ACLU pushing feds to right wrongful convictions, sentences
Posted August 8, 2012
Raleigh, N.C. — As many as 3,000 federal prisoners in North Carolina could be serving unfair sentences, according to the American Civil Liberties Union, which says the U.S. Department of Justice isn't doing enough to solve the problem.
Anyone convicted of a prior crime punishable by more than a year in prison cannot legally own a gun. For about two decades, federal prosecutors in North Carolina applied that law using the worst-case scenario, meaning a defendant's actual sentence didn't matter.
Prosecutors used the theory that a defendant was guilty of a federal weapons violation if someone with a longer rap sheet could have gotten a year for a previous crime. The 4th U.S. Circuit Court of Appeals ruled last August that wasn't a fair application of the law.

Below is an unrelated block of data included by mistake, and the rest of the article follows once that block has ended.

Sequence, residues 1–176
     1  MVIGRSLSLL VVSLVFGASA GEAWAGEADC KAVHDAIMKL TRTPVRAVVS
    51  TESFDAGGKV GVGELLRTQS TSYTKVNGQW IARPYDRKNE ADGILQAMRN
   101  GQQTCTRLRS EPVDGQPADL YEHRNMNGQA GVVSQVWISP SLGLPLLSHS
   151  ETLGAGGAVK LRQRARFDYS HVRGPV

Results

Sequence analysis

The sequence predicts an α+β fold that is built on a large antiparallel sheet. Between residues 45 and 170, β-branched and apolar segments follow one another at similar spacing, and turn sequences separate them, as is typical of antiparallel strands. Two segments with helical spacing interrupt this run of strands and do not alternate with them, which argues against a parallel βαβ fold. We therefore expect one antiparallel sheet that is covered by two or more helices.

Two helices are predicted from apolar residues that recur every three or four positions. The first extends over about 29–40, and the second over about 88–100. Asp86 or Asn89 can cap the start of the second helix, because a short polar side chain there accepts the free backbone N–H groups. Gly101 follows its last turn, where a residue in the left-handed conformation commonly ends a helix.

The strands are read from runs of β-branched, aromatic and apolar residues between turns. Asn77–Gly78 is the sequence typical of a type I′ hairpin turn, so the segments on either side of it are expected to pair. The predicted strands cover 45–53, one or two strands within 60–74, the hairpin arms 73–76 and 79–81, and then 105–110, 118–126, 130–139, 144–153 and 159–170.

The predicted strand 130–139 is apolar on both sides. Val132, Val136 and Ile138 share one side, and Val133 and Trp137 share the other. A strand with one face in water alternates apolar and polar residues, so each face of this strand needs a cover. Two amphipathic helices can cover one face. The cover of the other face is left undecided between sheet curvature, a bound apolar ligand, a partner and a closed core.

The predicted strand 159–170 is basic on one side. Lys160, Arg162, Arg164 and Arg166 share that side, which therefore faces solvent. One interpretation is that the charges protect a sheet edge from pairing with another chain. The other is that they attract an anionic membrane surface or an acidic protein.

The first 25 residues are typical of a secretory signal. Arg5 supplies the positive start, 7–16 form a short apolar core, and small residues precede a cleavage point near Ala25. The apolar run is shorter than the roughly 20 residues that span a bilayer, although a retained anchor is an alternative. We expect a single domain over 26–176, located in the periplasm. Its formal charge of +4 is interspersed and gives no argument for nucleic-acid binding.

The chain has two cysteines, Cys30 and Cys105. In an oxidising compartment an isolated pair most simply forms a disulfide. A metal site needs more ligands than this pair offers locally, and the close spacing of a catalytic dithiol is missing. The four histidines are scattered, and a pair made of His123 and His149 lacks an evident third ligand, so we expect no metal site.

The ACLU says some people were unjustly convicted, while others were given as much as a decade more in prison than they should have received.
Chris Brook, state legal director for the group, said federal prosecutors haven't identified or notified most of the people wrongly convicted or sentenced. In some cases, he said, they have used procedural moves to keep innocent people in jail.
"First, identify who's potentially entitled to this relief. Second, where there is that relief, don't stand in the way of it coming down, and third, let's do this in a timely fashion," he said.
The anniversary of the appeals court ruling is next Friday, and Brook said prisoners could have a harder time appeals after that deadline.
Allison Price, a spokeswoman for the Justice Department, said the agency is reviewing the ACLU's request.
"We are in the process of finalizing our position, within the confines of the law and in the interests of justice, as to how best to provide relief for defendants who, by virtue of a subsequent court decision, are no longer guilty of a federal crime," Price said in a statement.